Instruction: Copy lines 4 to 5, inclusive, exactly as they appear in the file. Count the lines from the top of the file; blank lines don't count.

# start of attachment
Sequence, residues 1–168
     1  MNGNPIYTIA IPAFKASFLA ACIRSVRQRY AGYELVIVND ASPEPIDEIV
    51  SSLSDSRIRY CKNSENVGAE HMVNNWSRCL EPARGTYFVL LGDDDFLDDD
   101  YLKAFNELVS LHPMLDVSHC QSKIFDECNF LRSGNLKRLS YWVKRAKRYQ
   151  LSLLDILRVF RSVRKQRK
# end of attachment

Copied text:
   101  YLKAFNELVS LHPMLDVSHC QSKIFDECNF LRSGNLKRLS YWVKRAKRYQ
   151  LSLLDILRVF RSVRKQRK